Like all of the episodes I’ve written about so far, this doesn’t really have a twist. A career criminal commits murder, then enters into a Faustian bargain, then commits a second murder and ends up paying price for her terrible crimes. The big difference is that this really could have used a twist to redeem what is otherwise a tawdry little tale undone by egregious miscasting and a terrible lead performance. 

Let’s just say that Thompson played a 1950s woman desperate to fuck her time-traveling son in Back to the Future and a rock star maybe trying to fuck a humanoid space duck in Howard the Duck and was way more convincing in both roles than she is here.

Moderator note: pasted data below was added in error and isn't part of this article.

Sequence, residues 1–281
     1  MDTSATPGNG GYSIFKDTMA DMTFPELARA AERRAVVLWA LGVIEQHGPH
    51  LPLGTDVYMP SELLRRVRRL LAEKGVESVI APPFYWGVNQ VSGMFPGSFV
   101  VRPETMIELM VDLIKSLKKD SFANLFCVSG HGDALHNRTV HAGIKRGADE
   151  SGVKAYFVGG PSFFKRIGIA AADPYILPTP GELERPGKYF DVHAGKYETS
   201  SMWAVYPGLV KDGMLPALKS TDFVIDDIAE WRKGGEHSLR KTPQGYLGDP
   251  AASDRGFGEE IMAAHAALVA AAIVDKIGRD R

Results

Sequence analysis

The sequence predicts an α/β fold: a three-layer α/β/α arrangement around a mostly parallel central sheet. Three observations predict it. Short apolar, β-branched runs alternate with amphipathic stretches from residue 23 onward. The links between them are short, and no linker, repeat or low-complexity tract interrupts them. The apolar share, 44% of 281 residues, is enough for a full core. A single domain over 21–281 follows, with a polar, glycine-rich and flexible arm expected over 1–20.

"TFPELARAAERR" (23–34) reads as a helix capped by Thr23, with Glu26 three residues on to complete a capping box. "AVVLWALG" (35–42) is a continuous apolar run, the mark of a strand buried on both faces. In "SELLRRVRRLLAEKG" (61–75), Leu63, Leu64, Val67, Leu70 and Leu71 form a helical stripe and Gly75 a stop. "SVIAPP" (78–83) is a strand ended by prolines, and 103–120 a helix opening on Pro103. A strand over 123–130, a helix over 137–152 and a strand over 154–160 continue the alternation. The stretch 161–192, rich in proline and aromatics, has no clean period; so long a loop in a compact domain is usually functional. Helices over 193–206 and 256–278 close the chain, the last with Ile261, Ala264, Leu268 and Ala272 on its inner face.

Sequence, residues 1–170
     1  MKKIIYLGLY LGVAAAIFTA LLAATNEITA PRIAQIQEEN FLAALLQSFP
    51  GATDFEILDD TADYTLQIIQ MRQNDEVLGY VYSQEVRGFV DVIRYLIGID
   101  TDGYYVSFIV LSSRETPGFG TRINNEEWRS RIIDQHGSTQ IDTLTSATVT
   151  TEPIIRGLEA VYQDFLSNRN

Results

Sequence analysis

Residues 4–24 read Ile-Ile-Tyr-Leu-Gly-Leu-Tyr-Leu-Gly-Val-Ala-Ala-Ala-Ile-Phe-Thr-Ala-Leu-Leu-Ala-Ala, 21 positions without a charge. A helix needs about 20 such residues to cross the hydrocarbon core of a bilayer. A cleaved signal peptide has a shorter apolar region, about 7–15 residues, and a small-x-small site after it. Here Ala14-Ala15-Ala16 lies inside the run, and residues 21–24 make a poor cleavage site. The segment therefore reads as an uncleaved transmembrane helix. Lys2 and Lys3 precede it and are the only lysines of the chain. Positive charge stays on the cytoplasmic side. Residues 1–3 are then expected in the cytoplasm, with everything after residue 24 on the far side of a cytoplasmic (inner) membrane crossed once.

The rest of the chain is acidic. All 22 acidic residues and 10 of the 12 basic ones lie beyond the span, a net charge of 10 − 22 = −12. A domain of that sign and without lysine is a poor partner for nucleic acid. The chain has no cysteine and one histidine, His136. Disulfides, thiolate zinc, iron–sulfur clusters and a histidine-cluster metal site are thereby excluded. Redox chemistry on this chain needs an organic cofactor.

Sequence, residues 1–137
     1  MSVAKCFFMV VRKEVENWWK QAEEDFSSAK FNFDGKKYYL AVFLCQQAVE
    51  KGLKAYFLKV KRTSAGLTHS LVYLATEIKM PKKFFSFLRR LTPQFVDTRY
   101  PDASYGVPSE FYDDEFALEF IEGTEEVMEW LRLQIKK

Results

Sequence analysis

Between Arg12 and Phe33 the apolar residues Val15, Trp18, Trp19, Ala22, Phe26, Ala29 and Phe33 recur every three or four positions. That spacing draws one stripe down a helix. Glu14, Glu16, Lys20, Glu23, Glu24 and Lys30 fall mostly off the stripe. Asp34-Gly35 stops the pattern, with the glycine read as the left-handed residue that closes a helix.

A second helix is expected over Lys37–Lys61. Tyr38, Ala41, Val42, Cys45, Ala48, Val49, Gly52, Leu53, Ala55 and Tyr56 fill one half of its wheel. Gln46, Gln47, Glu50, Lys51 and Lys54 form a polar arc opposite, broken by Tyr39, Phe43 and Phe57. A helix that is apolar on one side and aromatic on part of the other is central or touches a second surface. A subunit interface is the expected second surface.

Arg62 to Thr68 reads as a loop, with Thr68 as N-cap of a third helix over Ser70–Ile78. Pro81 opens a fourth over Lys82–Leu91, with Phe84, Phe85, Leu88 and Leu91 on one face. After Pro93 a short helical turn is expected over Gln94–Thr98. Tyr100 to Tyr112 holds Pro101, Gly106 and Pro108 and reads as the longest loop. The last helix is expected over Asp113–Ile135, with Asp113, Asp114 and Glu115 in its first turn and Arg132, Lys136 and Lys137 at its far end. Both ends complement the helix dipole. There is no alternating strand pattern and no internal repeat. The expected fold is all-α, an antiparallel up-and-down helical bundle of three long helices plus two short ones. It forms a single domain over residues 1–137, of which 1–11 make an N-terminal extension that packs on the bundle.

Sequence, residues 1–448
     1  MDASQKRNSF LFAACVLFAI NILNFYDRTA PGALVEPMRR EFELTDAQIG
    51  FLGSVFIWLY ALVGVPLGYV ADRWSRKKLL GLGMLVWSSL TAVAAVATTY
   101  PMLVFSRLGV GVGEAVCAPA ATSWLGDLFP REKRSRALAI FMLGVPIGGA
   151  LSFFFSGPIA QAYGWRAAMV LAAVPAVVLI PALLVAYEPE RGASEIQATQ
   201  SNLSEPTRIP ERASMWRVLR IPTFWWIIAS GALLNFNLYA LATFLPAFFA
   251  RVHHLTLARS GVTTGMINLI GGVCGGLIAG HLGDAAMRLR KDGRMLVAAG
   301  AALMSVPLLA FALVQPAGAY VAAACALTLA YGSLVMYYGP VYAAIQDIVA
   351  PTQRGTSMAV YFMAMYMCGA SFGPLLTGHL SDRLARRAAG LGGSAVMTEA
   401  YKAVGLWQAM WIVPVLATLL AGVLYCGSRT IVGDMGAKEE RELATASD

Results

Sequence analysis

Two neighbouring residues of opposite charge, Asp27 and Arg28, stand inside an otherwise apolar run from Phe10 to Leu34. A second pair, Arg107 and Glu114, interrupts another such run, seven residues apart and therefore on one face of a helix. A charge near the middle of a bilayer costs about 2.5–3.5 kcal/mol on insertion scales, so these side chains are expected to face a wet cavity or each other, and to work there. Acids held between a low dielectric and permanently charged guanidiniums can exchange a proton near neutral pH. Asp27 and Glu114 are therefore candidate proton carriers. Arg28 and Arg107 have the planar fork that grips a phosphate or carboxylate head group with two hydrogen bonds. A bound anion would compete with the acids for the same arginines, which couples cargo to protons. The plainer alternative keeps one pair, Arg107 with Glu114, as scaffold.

Where the first three episodes were directed by heavy-hitters who were also Tales from the Crypt Executive Producers (Walter Hill, Robert Zemeckis and Richard Donner), this was directed by Howard Deutch, the man behind The Odd Couple II, Grumpier Old Men, The Whole Ten Yards and several John Hughes collaborations. 


I wouldn’t describe Deutch as a particularly distinguished filmmaker, let alone a Frightmaster. This episode only reinforced those feelings. Deutch (who, incidentally, is married to Thompson) has retreated back to television in recent years and while his most recent credit, Young Sheldon, represents an unmistakable horror, it’s of a much different, much lesser variety than the kind found on Tales from the Crypt during its Golden Age.